Fight corruption with ethical leadership
IN March 2002 US President George W. Bush inaugurated the Millennium Challenge Account, a global initiative of aiding poor but qualified countries to spur economic growth. The program will give funds to developing countries to promote economic reforms and reduce corruption.
The Philippine government recently received over $20 million, or about P1 billion, to combat corruption. Simultaneously, President Arroyo ordered the release of P1 billion as the counterpart fund for the anticorruption campaign.
How will the $20-million outlay be used?
Finance Secretary Margarito Teves said that $1.4 million will go to his office, $6.5 million to the Office of the Ombudsman, $9.4 million to the Bureau of Internal Revenue and $3.1 million to the Bureau of Customs.
Other government offices, such as the Presidential Antigraft Commission, which are directed to fight corruption, will get shares from the kitty.
There are no specific guides on how the government agencies will spend the money. The Office of the Ombudsman could probably hire more prosecutors and buy more computers. It is assumed that the other offices will put the funds to good use.
But however wisely the government will use the funds, they will hardly make a dent on corruption. Government corruption is so well entrenched that it needs more than money to wipe it out. What we need is an ethical leadership at the high levels of government, strengthened by a professional and motivated civil service.
We cannot expect a corruption-free government if the core leadership does not lead by example and if the Cabinet members, other top officials and the civil servants are grossly underpaid.
Officials and bureaucrats with sizable powers, such as the power to grant or deny permits, are prone to corruption because they are poorly paid. “Pay them well or we will pay dearly,” said Singapore’s Senior Minister Lee Kuan Yew when, as prime minister, he moved to raise the salaries of his key ministers and other ranking officials to approximate pay scales in the private sector.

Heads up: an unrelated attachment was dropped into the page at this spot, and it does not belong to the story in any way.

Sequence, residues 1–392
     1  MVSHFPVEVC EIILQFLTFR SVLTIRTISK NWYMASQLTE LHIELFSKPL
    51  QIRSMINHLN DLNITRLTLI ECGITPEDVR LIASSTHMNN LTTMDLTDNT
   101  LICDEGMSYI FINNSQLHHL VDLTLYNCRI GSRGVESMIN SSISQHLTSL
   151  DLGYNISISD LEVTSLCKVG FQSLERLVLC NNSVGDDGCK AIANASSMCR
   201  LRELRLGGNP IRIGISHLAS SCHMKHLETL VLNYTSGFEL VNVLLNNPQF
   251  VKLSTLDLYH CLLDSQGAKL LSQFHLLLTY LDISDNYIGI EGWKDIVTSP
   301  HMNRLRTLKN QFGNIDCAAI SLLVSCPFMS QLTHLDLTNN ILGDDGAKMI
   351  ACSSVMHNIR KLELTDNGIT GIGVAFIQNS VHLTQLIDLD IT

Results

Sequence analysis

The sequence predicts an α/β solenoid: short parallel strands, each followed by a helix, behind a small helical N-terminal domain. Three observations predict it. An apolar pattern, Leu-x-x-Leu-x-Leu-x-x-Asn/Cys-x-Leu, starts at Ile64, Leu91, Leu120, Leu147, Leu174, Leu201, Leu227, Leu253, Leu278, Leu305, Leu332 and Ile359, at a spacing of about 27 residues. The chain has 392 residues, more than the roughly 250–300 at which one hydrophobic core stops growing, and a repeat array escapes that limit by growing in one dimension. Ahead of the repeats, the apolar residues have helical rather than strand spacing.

The culture of corruption makes dishonesty the rule, not the exception, in many national and local governments. Every bureaucrat is presumed to be on the take or to be moonlighting. The conventional wisdom is that it is all right for an official to get rich quick as long as he is able to do something “good” for the country or the community.
Three elements should be considered in the fight against government corruption, according to David Walker, the US comptroller general. These are incentives, which include the salaries of government executives, to encourage them to do the right thing, openness to show that no malfeasance is committed and accountability to make sure that the right measures to a problem are taken.
We should have a strong prosecution service that has the courage to run after powerful officials. We could learn from the fearless prosecutors in South Korea, Taiwan, Singapore and Japan who have sent current and former government leaders to jail for corruption.
Graft robs the taxpayers of billions of pesos. It has a pernicious effect on the law-abiding civil servants. It gives the civil service a very bad name. Its pervasiveness reflects failure in governance. Official dishonesty also disillusions the people and makes them turn their backs on the law.
Corruption must be fought wherever it exists.
What The Other Papers Say
HUGO CHAVEZ’S bid to woo his Latin American compatriots may be losing steam, but another authoritarian regime’s influence is growing: China’s.
A recent deal with Cuba and a steady string of energy contracts across South America has heads turning again on Capitol Hill. Last month Sen. Larry Craig and Rep. Jeff Flake introduced a bill aimed at preventing China from “locking up resources in our own backyard” by lifting the US embargo on trade with Cuba for US oil companies. (How about lifting the US ban on drilling for oil off Florida, congressmen?)
The catalyst for the recent round of anxiety about China’s intentions is familiar. China’s state-controlled China National Offshore Oil Corp., better known as Cnooc, is participating in a consortium prospecting for oil in the Mexican Gulf, 52 miles from Florida Keys. Cnooc’s last foray close to America—a failed bid for Unocal Corp., stymied by protectionists in Congress—seems to have taught it a lesson: Lay low.
--Excerpted from The Asian Wall Street Journal
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